Consumer price inflation is expected to peak at 11.2% in April, once the support schemes for household users of electricity and natural gas have expired, and will remain close to double-digits at the end of the year (9.6%), under the baseline inflation scenario unveiled by the National Bank of Romania (BNR).
Later, however, inflation it will subside quickly and enter the target inflation band at the end of 2023, the central bank expects.
Widening the scope of the forecast from just inflation, the BNR warned that large and persistent hikes in energy commodity prices pose relevant risks to economic activity as well. Downside risks to economic activity and upside risks to price dynamics are seen prevailing further.
Moreover, should such woes persist, this would weigh on the trajectory of macroeconomic variables over a longer horizon, the BNR’s Inflation Report reads. The lack of clarity about the compensation schemes the government may prolong opens the door to alternative scenarios. The BNR investigates the implications of a hypothetical scenario assuming a three-month extension, until June 30, of the current price ‘cap and subsidy’ scheme for electricity and natural gas consumption, finding that the path of the annual CPI inflation rate would run in the short term below that in the baseline scenario, and the peak would be reached with a one-quarter lag.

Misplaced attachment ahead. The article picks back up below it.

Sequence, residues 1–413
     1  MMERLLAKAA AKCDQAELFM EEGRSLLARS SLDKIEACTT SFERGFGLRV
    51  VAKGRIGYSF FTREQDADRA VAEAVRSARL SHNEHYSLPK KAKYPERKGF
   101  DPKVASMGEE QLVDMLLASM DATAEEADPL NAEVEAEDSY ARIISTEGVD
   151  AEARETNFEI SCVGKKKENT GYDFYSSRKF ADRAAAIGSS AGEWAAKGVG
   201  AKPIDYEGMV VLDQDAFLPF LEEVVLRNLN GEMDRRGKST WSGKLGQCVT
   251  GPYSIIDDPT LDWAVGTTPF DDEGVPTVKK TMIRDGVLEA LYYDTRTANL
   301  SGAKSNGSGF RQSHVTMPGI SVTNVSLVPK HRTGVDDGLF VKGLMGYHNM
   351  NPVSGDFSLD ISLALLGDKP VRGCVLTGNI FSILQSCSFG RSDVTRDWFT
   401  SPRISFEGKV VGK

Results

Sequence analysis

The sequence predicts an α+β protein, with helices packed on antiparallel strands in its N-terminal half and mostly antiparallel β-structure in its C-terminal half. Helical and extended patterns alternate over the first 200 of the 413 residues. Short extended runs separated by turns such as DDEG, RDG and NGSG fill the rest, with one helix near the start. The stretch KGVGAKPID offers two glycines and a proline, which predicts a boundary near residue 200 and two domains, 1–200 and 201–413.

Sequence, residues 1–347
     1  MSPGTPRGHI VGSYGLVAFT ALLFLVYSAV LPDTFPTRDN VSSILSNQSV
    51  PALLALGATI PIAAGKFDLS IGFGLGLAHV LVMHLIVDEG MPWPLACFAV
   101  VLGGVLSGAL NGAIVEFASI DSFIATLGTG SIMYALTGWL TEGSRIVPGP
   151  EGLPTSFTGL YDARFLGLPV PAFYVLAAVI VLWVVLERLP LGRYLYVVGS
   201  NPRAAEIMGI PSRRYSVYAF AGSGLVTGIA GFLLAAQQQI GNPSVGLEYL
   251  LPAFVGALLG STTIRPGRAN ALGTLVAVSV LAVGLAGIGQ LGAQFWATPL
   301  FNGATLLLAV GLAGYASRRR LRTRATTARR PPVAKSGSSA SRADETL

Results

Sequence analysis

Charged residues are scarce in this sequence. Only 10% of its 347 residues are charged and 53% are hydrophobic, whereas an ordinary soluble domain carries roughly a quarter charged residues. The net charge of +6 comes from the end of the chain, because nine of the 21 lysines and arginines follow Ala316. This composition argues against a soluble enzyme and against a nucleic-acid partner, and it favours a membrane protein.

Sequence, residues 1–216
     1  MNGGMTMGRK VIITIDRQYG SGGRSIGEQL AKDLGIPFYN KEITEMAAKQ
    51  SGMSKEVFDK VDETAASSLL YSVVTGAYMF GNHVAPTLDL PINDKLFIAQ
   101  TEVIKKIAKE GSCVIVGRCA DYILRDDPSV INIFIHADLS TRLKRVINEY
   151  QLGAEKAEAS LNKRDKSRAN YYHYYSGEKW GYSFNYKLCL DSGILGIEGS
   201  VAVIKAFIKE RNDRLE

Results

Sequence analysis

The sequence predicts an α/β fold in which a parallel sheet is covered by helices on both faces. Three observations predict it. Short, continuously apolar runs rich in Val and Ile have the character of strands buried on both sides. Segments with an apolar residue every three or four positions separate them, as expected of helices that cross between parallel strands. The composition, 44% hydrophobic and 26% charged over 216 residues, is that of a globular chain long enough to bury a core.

From a broader perspective, the relative prices of the energy inputs that will be established in Europe and in Romania after the equilibrium is reached, supposedly by the end of 2023, are particularly relevant, the central bank said. Under the baseline scenario, they will be significantly higher compared to the period before the inflationary shock.
The decarbonisation pace, the hydrocarbon trade routes and commercial arrangements, and developments related to Ukraine are key but not the only drivers, according to the BNR. What is certain is that the ‘new normal’ will mean more expensive energy hence, for countries like Romania, this means wider income disparity and higher energy poverty rates that need to be addressed by permanent measures. Tolerating weak tax collection rates is thus becoming an increasingly unacceptable scenario.